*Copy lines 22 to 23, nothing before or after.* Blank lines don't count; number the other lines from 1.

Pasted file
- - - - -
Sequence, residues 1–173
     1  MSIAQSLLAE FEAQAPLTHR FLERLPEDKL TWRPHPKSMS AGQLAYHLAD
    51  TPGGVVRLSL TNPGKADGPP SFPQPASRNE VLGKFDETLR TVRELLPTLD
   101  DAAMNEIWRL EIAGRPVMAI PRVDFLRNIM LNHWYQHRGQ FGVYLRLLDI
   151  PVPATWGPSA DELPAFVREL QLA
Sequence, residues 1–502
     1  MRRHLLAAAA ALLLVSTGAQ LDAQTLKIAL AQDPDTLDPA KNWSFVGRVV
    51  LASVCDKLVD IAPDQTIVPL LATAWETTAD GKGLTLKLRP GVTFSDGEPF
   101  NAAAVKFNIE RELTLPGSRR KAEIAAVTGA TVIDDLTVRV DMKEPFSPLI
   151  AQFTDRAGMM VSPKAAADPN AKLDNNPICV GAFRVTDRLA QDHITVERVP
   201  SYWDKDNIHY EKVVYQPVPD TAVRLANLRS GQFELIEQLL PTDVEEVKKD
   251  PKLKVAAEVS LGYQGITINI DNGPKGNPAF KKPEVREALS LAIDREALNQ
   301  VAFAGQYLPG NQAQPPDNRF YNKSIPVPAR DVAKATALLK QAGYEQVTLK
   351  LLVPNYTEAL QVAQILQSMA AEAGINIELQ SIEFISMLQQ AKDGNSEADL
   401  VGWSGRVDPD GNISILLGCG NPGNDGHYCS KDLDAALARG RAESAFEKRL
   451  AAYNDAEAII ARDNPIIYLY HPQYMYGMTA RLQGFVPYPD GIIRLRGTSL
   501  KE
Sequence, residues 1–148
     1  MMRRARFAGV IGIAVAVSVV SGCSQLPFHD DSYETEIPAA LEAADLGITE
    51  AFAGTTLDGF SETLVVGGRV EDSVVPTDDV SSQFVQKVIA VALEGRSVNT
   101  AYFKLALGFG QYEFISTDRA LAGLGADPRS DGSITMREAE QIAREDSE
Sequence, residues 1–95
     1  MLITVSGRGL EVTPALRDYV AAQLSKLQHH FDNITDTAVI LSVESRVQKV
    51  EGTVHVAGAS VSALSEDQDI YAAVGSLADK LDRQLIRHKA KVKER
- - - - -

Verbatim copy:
Sequence, residues 1–95
     1  MLITVSGRGL EVTPALRDYV AAQLSKLQHH FDNITDTAVI LSVESRVQKV